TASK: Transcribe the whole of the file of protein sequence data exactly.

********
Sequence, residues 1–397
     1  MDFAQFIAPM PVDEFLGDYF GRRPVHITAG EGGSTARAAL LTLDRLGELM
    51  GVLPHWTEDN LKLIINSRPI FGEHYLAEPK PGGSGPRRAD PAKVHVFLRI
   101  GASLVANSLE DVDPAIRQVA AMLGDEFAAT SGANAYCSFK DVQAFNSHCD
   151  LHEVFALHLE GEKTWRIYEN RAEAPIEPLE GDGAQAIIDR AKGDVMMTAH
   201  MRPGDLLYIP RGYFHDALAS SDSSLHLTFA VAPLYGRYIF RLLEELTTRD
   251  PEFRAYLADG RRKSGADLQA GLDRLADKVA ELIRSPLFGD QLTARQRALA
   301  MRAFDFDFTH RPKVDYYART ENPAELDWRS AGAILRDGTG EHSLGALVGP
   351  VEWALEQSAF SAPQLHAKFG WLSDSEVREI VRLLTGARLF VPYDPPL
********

Sequence, residues 1–397
     1  MDFAQFIAPM PVDEFLGDYF GRRPVHITAG EGGSTARAAL LTLDRLGELM
    51  GVLPHWTEDN LKLIINSRPI FGEHYLAEPK PGGSGPRRAD PAKVHVFLRI
   101  GASLVANSLE DVDPAIRQVA AMLGDEFAAT SGANAYCSFK DVQAFNSHCD
   151  LHEVFALHLE GEKTWRIYEN RAEAPIEPLE GDGAQAIIDR AKGDVMMTAH
   201  MRPGDLLYIP RGYFHDALAS SDSSLHLTFA VAPLYGRYIF RLLEELTTRD
   251  PEFRAYLADG RRKSGADLQA GLDRLADKVA ELIRSPLFGD QLTARQRALA
   301  MRAFDFDFTH RPKVDYYART ENPAELDWRS AGAILRDGTG EHSLGALVGP
   351  VEWALEQSAF SAPQLHAKFG WLSDSEVREI VRLLTGARLF VPYDPPL